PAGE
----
the Ge'ez (Ethiopic) script, adapted for Tech -- part I
|From:||Danny Wier <dawier@...>|
|Date:||Sunday, September 5, 1999, 2:50|
This is a very crude page I got at my site, describing the fidel of Ethiopic
script used to write the classical Ge'ez language along with the modern
Ethiopian/Eritrean languages Amharic, Tigrinya, Gurage, Chaha, Agew, etc.
The page is one huge table in Unicode (UTF-8 encoding), so you must have a
Unicode-ready browser. Of course, the latest versions of Netscape and IE
can use Unicode, provided you got a 32-bit OS (Windows 95, 98, NT).
To view this page, you need the GF Zemen Unicode font, which you can
download from Indiana University. It's freeware, and a MUST HAVE if you're
into Ethiopic computing. (More important than you might think; Amharic is
after all the second most spoken Semitic language.)
(download the file called gfzemenu.ttf and save it in \Windows\Fonts;
also check out gfsetup.exe for excellent 8-bit fonts)
After you're through installing, visit my page:
(Make sure your browser is set to Unicode and the GF Zemen Unicode font.)
Before you look at the mess, I have some things to straighten out.
Firstly, _fidel_ is the Ethiopian name for the script. It has nothing to do
with a certain Cuban leader. ;)
Second, this chart is really piecemeal. The font I found only accommodates
the symbols commonly used in real-world Ethiopian languages. Tech has a LOT
more. Also, the consonants and vowels shown are according to their Tech
values, which are a good bit different from the aforementioned Ethiopic
languages. Also, the Latin equivalents given for consonants and vowels I
attempted to make as close to IPA symbols as I could, but some of them
require a bit of explanation.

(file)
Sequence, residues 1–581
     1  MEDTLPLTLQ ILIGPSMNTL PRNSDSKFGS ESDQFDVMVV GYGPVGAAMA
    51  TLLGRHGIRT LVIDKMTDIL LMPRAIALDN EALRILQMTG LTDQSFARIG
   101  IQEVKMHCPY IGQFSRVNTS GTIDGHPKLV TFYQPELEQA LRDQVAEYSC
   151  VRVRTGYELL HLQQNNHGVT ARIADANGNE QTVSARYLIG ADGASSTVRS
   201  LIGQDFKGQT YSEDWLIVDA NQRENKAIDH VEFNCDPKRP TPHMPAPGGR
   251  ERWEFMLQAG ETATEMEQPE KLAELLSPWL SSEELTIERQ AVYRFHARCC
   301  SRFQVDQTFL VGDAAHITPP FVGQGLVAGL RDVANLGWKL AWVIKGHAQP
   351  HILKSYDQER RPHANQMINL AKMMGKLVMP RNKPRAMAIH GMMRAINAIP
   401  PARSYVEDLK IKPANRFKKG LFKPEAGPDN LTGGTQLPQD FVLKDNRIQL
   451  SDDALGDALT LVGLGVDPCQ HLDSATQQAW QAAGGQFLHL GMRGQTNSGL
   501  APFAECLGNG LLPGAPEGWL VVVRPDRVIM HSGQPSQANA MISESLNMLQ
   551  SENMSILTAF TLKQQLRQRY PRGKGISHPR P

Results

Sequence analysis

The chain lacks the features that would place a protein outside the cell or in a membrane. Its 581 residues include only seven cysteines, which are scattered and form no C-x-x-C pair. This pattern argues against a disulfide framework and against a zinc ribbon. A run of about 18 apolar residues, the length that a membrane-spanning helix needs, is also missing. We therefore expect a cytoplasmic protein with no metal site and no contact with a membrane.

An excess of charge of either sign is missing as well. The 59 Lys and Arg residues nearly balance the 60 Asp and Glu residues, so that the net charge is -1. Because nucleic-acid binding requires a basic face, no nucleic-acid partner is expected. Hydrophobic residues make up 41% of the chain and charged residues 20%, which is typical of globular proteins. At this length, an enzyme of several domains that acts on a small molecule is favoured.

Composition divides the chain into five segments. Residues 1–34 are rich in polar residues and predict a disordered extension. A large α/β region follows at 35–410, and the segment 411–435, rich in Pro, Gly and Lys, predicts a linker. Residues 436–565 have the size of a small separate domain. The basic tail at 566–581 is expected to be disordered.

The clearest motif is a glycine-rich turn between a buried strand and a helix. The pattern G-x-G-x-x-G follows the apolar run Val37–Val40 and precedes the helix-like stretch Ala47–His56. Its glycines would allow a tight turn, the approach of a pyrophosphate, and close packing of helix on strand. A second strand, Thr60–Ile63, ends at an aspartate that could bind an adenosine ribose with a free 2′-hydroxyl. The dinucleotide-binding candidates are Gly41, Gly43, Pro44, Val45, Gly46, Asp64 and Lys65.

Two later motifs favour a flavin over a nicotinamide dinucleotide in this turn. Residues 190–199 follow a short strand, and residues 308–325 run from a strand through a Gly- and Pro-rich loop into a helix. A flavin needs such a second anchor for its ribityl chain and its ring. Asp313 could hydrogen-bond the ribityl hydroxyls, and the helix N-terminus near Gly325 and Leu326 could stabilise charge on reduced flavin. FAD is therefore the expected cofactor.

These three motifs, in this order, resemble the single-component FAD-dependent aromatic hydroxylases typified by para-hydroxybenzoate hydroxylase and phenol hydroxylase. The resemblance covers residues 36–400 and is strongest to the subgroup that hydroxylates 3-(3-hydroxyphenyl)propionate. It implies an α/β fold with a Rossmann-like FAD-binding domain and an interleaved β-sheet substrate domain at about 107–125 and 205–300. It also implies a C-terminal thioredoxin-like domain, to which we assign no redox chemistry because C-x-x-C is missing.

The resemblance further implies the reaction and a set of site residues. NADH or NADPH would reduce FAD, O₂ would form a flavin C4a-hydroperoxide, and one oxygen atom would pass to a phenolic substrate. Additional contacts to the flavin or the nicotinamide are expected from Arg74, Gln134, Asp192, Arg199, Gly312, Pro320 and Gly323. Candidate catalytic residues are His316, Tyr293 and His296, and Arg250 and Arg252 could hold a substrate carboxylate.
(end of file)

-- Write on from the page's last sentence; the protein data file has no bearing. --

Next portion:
A note about two of the vowels: i and u barred, the high central vowels, are
really C and Cw with no vowel, but when marked with a vowel length mark
(which I have yet to devise) they take on their listed values. Also, ae and
oe ligatures as short unstressed vowels carry the allophonic values _shwa_
and rounded-_shwa_ (o-barred) respectively.
Now the consonants: most of the Latin codes are according to their IPA
values, with a few exceptions. Note the frequent use of the apostrophe to
mark ejective ("emphatic") stops/affricates and other things. I'll just
explain the values of all of 'em:
h, l, m, r, s, q, b, v, t, x, n, k, w, z, d, g, ts, f, p: as their IPA
h': "emphatic" h, the voiceless pharyngeal fricative
s-caron: "esh", voiceless postalveolar fricative
tl: voiceless lateral fricative (Welsh ll) or affricate (Nahuatl)
q', k', t', p', ts': ejectives
tj, j, dj, tj': "t-esh", "ezh", "d-ezh", ejective "t-esh": postalveolar
fricative and affricates (with extended Latin characters, c-hacek, z-hacek,
g-hacek, and c-hacek-' would work better)
n-tilde: "eng" (velar nasal), or its palatal equivalent
' alone: ? (glottal stop)
`: reversed ? (voiced pharyngeal fricative)
dl: voiced lateral affricate or fricative (Navajo or Zulu dl)
g': small caps G (voiced uvular stop/fricative)
rj: Czech r-hacek (sort of a "rzh" sound)
After the syllables, the punctuation mark. The two-dots (resembling a
colon) is a wordspace, which is optional and used more for formal documents.
The four-dot square is a full stop (period), and you go from there. Note
the colon with dash extending rightward is a special colon, called a
"preface colon", which I transliterate as a bullet circle.
Then you have the numbers. A major change here: the digits 1
(teardrop-shaped) thought 10 (vertical line) are the same as in Ge'ez, but
the numbers 20 (K turned 90 degrees right) through 100 (P-like symbol) and
10,000 (two joined P's) have completely different values. Since Tech is a
vigintesimal (base-20) language, these symbols become the numerals 11
through 20. (However, the symbol for 20 is never used except to denote the
numbers 20-39 alternatively, not in large numerals -- in modern numeration,
an additional symbol for "zero" is used, which is not included in the font I
used; it's a circle (numeral "four") with a slash).
Anyway, just a start of what Tech is gonna look like, as well as a primer in
Ethiopic writing. This happens to be one of my favorite scripts, and would
be of special interest to those interested in African history and culture --
it's the most used script indigenous to Africa; I'll post soon on some other
sub-Saharan scripts, and Bassa and Vai are of special interest to me.
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